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The Sun Magazine

Stubborn Light

The Best Of The Sun Volume III

The best works from The Sun’s second decade, featuring interviews with spiritual teacher Ram Dass, maverick psychologist James Hillman, potter and poet M.C. Richards, and others.

A Note On The Cover

Introduction 
Sy Safransky

Progress
Fiction By Gillian Kendall

On Seeing A Sex Surrogate
Mark O’Brien

A Priest Calls On Sunday Night
Poetry By Edwin Romond

The Heart Of Compassion: An Interview With Ram Dass
Sy Safransky

Christmas In Seattle
Fred Hill

Sonderkommando
Fiction By Ivor S. Irwin

Even Hitler 
Poetry By David C. Childers

Judaism’s Mystical Heart: An Interview With Dovid Din
Howard Jay Rubin

A Clouded Visit With Rolling Thunder
Pat LittleDog

The White Man’s Vision-Quest Journal 
Fiction By Gloria Dyc

The End Of A Sixties Dream? An Interview With Stephen Gaskin
Michael Thurman

When Thieves Break In
Stephen T. Butterfield

Notes
Poetry By Chris Bursk

Aliens In The Garden
Fiction By James Carlos Blake

Eating Head
Lorenzo W. Milam

All The Panamas In The World And Herb’s
Fiction By T.L. Toma

Blood For Oil 
Poetry By Chris Bursk

A Soccer Hooligan In America 
Fiction By Carl-Michal Krawczyk

Why Schools Don’t Educate
John Taylor Gatto

Giving Away Gardens
Dan Barker

Scavenger’s Run
David Grant

Amazing Conversations
John Rosenthal

Born Too Young: Diary Of A Pilgrimage 
Sparrow

The Myth Of Therapy: An Interview With James Hillman 
Sy Safransky

Miracle At Canyon De Chelly 
Deena Metzger

Somewhere Along The Line
Poetry By Antler

Cowards
Dan Howell

Villanelle
Poetry By Richard Hoffman

Of Lineage And Love
Stephen T. Butterfield

Flesh Of My Flesh
Poetry By Ona Siporin

Heart Too Big
Fiction By John C. Richards

Jealousy
Poetry By Lou Lipsitz

Last Year’s Poverty Was Not Enough
Fiction By Ashley Walker

My Mother Is Still Alive
Poetry By Kathleen Lake

Uniting The Opposites: An Interview With M.C. Richards
Sy Safransky

Night Of Dying
Maureen Stanton

This Life, This Word Unsaid
Poetry By John Hodgen

What’s Eating Me: A Memoir
David Guy

Finding Out About Your Heart
Fiction By Candace Perry

Letter To Maxim
Alison Luterman

She Said, Can’t We Just Be Friends?
Poetry By R.T. Smith

What It’s Like
Fiction By Dana Branscum

Trying To Quit
Eleanor Glaze

On Being Unable To Breathe
Stephen T. Butterfield

The Cure
Poetry By Kathleen Lake

The Unhealed Life 
Yaël Bethiem

Combing 
Poetry By Veronica Patterson

Why I Like Dead People
Sallie Tisdale

The Evidence Of Miracles
Poetry By Jaimes Alsop

Instrument Of The Immortals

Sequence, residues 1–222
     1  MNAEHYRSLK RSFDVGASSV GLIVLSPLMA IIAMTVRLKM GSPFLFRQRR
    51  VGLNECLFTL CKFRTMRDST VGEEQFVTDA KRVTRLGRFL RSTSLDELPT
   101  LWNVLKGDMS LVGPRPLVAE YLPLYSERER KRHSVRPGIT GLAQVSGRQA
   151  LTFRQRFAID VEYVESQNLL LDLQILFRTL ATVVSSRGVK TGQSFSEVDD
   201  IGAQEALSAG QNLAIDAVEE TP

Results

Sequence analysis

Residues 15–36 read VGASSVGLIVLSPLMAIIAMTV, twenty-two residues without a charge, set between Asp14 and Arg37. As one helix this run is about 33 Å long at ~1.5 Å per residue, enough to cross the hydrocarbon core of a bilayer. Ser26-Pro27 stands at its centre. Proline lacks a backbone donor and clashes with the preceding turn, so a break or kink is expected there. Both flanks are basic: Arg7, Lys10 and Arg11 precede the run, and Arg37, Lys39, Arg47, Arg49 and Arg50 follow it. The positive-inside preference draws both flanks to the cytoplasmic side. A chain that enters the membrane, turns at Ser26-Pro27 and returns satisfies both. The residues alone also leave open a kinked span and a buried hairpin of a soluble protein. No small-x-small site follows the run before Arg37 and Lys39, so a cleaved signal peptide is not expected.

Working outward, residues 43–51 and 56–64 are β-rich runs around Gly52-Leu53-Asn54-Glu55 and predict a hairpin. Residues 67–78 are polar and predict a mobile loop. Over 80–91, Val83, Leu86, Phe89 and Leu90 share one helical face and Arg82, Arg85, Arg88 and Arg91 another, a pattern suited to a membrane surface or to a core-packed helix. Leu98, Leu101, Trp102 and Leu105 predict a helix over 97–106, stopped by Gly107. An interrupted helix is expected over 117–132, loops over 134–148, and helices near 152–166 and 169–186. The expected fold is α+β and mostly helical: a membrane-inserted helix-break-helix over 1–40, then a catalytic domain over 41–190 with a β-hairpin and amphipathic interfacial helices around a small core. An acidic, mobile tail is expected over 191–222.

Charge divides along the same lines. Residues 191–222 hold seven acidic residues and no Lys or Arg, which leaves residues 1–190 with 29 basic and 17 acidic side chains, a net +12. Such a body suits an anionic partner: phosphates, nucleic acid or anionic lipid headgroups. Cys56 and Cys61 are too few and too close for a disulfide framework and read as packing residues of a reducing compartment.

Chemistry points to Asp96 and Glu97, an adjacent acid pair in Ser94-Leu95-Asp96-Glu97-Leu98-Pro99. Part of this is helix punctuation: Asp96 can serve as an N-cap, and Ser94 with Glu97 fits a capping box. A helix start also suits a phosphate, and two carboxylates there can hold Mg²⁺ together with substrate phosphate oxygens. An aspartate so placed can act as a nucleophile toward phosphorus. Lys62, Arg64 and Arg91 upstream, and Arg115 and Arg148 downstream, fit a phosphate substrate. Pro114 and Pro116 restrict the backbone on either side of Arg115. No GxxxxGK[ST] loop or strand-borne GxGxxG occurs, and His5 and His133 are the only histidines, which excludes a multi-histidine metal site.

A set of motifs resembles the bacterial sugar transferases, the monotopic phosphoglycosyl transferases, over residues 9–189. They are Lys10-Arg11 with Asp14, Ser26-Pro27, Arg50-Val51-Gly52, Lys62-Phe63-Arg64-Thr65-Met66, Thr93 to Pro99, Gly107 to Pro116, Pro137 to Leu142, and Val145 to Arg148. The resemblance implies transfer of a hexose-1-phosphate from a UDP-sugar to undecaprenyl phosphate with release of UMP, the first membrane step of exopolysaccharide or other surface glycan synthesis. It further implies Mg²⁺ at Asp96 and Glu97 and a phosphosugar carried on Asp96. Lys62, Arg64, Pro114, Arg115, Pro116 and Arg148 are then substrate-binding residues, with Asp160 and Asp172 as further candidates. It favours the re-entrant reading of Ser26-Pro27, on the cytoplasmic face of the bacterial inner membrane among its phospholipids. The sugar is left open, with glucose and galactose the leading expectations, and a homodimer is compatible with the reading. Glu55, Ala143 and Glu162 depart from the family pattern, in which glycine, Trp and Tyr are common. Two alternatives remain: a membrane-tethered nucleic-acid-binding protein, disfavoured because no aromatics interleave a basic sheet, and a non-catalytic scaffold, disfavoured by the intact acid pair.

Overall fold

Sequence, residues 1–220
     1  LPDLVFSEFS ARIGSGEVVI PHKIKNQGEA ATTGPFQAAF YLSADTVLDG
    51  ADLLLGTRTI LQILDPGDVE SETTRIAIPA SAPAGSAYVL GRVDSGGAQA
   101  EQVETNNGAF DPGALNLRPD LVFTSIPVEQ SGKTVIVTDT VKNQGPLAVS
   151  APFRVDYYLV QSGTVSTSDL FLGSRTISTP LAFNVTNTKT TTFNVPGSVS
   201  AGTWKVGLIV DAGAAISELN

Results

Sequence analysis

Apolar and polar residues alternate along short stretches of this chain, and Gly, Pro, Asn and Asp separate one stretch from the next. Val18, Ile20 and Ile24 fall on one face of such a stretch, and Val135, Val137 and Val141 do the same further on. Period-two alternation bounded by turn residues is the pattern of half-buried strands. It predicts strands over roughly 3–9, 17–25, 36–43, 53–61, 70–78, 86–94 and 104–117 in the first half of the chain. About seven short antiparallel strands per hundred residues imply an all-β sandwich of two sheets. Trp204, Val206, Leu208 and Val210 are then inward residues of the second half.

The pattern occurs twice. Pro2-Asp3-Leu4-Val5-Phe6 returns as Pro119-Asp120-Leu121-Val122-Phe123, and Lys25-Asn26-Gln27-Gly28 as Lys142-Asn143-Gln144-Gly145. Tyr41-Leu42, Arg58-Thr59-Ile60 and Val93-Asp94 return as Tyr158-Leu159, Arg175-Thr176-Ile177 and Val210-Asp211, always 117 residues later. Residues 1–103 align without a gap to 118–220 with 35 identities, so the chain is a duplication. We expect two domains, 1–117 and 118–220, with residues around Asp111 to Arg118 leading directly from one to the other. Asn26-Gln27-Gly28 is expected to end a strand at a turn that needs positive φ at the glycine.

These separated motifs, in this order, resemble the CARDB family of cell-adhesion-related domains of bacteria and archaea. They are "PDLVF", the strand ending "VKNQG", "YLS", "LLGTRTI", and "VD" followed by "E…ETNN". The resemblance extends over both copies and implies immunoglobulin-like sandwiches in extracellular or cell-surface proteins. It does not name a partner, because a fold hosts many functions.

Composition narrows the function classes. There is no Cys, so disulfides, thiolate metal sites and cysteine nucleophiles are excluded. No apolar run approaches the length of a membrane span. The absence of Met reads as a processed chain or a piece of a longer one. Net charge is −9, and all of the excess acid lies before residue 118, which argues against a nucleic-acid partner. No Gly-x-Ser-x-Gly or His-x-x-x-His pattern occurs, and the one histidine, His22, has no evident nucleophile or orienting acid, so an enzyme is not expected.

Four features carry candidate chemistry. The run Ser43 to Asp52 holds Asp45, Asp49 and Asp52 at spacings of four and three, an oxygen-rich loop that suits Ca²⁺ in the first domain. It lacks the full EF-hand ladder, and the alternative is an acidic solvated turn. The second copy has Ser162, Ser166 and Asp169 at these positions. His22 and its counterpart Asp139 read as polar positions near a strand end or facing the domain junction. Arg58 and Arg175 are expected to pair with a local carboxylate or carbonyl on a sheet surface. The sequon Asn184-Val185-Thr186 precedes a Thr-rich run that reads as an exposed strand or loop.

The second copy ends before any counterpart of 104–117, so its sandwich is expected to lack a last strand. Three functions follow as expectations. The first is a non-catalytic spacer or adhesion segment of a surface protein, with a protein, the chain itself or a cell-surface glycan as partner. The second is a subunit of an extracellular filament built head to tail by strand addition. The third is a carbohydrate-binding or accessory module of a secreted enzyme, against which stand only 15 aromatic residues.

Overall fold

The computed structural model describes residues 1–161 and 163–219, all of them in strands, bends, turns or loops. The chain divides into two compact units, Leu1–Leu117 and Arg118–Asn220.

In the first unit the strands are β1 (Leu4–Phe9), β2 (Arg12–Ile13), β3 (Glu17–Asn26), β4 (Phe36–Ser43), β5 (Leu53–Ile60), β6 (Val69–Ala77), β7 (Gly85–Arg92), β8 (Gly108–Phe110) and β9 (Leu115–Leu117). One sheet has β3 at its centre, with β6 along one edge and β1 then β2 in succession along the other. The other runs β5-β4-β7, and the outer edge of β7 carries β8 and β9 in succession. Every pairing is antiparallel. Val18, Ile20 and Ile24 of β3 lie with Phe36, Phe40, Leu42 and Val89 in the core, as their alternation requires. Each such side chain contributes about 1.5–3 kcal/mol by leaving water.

Jake Gaskins

The Prayer Of The Body: An Interview With Stephen R. Schwartz
Sy Safransky

The Body Knew
Poetry By Tim Seibles

Tully
Fiction By D. Patrick Miller

The Ward
Bruce Mitchell

Contributors

Someone called me recently to ask my advice about starting a magazine. I told her the most important advice I could give her was not to follow anyone’s advice.

If I’d followed the advice I was given in 1974, I never would have started The Sun. You need a million dollars to start a magazine, people told me. That was exactly a million dollars more than I had. To print the first issue, I borrowed fifty dollars. I sold the magazine on the street. For more than ten years, there were fewer than a thousand subscribers and never enough money to pay the bills. Unfortunately, this was the plight of many small magazines in those years; few survived.

Last year, when The Sun celebrated its twenty-fifth anniversary, our assistant editor joked that, in independent-journal years, this made The Sun about two hundred years old. I’m grateful The Sun has evolved from a stapled stack of xeroxed pages to a handsome monthly magazine, with nearly fifty thousand subscribers nationwide. I’m grateful, too — at a time when a handful of media conglomerates control most of what we read in books, newspapers, and magazines — that The Sun survives without corporate backing and without carrying any advertising. One of the few reader-supported magazines in the country, its very existence makes a statement.

The Sun’s literary reputation has grown as well. The magazine has received four Alternative Press Awards from the Utne Reader. Works from The Sun have won the Pushcart Prize, been featured on National Public Radio, and appeared in Best American Short Stories and Best American Essays. But these accolades wouldn’t mean a thing if The Sun hadn’t stayed true to itself: a magazine that honors life in all its complicated glory; that avoids literary pretentiousness and spiritual posturing; that celebrates beauty without ignoring the destructive forces around (and within) us. Sometimes sorrowful, sometimes mischievous, The Sun is a magazine whose politics are personal and whose God isn’t way up in the sky. People who write for The Sun aren’t afraid to look at what they’ve lost; nor are they afraid to insist on joy, to look joy in the eye no matter how hard they’re crying. Their struggle, our struggle: where do we draw the line? The Sun reminds us there are no lines.